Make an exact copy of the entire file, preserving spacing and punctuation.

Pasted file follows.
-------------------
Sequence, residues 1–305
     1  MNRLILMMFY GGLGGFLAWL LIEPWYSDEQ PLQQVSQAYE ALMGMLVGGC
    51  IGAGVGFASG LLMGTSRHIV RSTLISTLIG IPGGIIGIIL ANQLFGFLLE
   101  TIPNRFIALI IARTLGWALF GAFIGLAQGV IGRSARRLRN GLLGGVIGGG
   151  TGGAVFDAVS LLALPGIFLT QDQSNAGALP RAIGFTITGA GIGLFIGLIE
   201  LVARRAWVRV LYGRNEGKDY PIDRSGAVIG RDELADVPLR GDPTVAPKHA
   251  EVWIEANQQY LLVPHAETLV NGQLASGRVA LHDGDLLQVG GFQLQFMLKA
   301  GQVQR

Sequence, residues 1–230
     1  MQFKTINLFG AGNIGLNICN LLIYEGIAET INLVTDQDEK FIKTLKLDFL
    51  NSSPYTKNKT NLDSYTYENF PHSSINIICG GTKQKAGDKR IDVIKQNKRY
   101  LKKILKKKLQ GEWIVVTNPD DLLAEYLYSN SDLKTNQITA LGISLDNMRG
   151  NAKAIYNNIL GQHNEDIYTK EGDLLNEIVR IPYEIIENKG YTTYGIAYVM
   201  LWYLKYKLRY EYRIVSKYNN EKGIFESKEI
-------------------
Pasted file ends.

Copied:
Sequence, residues 1–305
     1  MNRLILMMFY GGLGGFLAWL LIEPWYSDEQ PLQQVSQAYE ALMGMLVGGC
    51  IGAGVGFASG LLMGTSRHIV RSTLISTLIG IPGGIIGIIL ANQLFGFLLE
   101  TIPNRFIALI IARTLGWALF GAFIGLAQGV IGRSARRLRN GLLGGVIGGG
   151  TGGAVFDAVS LLALPGIFLT QDQSNAGALP RAIGFTITGA GIGLFIGLIE
   201  LVARRAWVRV LYGRNEGKDY PIDRSGAVIG RDELADVPLR GDPTVAPKHA
   251  EVWIEANQQY LLVPHAETLV NGQLASGRVA LHDGDLLQVG GFQLQFMLKA
   301  GQVQR

Sequence, residues 1–230
     1  MQFKTINLFG AGNIGLNICN LLIYEGIAET INLVTDQDEK FIKTLKLDFL
    51  NSSPYTKNKT NLDSYTYENF PHSSINIICG GTKQKAGDKR IDVIKQNKRY
   101  LKKILKKKLQ GEWIVVTNPD DLLAEYLYSN SDLKTNQITA LGISLDNMRG
   151  NAKAIYNNIL GQHNEDIYTK EGDLLNEIVR IPYEIIENKG YTTYGIAYVM
   201  LWYLKYKLRY EYRIVSKYNN EKGIFESKEI